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Christmas Around the World
A Danish Christmas

Aebleskiver (Apple Slices)

A Danish dessert, like doughnut holes, but sweeter & much better traditionally served with glogg during the Advent. Cooked in a cast iron pan that resembles an egg poacher. Serve hot with syrup, jam or powdered sugar.

2 egg whites
2 c all-purpose flour
2 tsp baking powder
1 tblsp white sugar
1/2 tsp baking soda
1/2 tsp salt
4 tblsp butter, melted
2 c buttermilk
1 c vegetable oil for frying

Note: You will need an aebleskiver pan to cook these properly. Beat the whites stiff.

Mix together the flour, baking powder, salt, baking soda, sugar, melted butter and buttermilk at one time and beat until smooth. Gently fold in the egg whites last.
Put about 1 tablespoon of vegetable oil in the bottom of each aebleskiver pan cup and heat until hot. Pour in about 2 tablespoons of the batter into each cup. As soon as they get bubbly around the edge, turn them quickly (Danish cooks use a long knitting needle, but a fork will work). Continue cooking, turning the ball to keep it from burning.
Makes 30 Aebleskivers.


4/5 qt. burgundy wine
4/5 qt. port wine
Peel of 1/2 orange
2 sticks cinnamon (each 3 inches long)
1 Tbsp whole cloves
1 Tbsp cardamon seeds, shelled
1/4 cup sugar

1/2 c whole, blanched almonds
1/2 c dark, seedles raisins
1 c akvavit (Danish liquor)

Combine wines, orange peel, cinnamon, cloves, cardamom and sugar in a large saucepan. Simmer 5 minutes. Do not boil! Pour mixture back into wine bottles and cover tightly. Let stand 3-6 weeks until ready to use.
Serving day, add: almonds, raisins and akvavit.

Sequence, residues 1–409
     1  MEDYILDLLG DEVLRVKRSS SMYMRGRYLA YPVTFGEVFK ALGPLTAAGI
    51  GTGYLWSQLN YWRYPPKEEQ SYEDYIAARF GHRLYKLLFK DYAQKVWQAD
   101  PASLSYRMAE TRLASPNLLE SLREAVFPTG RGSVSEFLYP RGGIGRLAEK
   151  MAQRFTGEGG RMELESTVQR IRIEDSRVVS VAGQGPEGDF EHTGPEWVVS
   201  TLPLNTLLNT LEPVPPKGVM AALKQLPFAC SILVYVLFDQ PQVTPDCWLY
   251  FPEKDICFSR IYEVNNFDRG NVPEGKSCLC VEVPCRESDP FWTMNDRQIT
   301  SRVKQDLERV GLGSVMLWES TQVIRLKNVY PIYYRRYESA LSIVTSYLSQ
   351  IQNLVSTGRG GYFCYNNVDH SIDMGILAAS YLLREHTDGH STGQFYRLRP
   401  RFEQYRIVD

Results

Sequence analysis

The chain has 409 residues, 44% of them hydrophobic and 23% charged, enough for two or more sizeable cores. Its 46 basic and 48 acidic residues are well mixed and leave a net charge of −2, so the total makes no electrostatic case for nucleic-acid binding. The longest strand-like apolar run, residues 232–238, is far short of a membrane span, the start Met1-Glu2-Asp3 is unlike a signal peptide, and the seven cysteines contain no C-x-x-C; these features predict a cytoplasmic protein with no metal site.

Strain brew from bottles into large saucepan. Heat to steaming. Do not boil! Float orange slices studded with cloves. Ladle into mugs. Be sure to include almonds and raisins into each mug. Serve with a cinnamon stick.
Serves 16 - 1/2 cup servings.

A unique Danish tradition: the Christmas heart

Danish Hearts Image

In early December decoration of the home begins. This interior exercise in paper chains, tinsel, hearts and candles is particularly important to the Danish Christmas. Tulip and hyacinth bulbs hide under their cones of white paper on the window-sill, cardboard cut-out pixies and fairies peak from behind picture frames and mirrors, mobiles swing and tinkle over the warmth of a candle. The imagination runs free. And it isn't only the living rooms that are given a Christmas face-lift; the kitchen is, if anything, even more important. It will probably have a rich, red paper garland all the way round with pictures of gnomes and goblins cooking, baking and roasting.

With the home decked out in its Christmas finery, the family get around to thinking of their cut-and-paste day, an afternoon in December when they gather a few friends around the dining room table - to cut out special Christmas decorations for the tree. Everyone brings scissors, glue and colored paper, and embarks on the challenge of making the traditional decorations for the Christmas tree: cones, baskets, angels, birds, hearts. The woven paper hearts are a Danish specialty. It is nowhere to be seen in classic Christmas tree pictures in other countries. The traditional Danish heart is red and white, the colors of the Danish flag. Once you have grasped the basic principles, you can develop the idea to a fine art.

These drawings reveal the secret of a most important manufacturing process in Danish homes before Christmas: how to make paper hearts for your Christmas tree! Of course you could simply cut out two circles of glazed paper, fold them in half and glue them together more or less in the shape of a heart. The result is nice, and even the youngest members of the family can cope with the materials. But the art of the genuine Christmas heart is to weave the two pieces together.

Follow these instructions, and keep an eye on the drawings:

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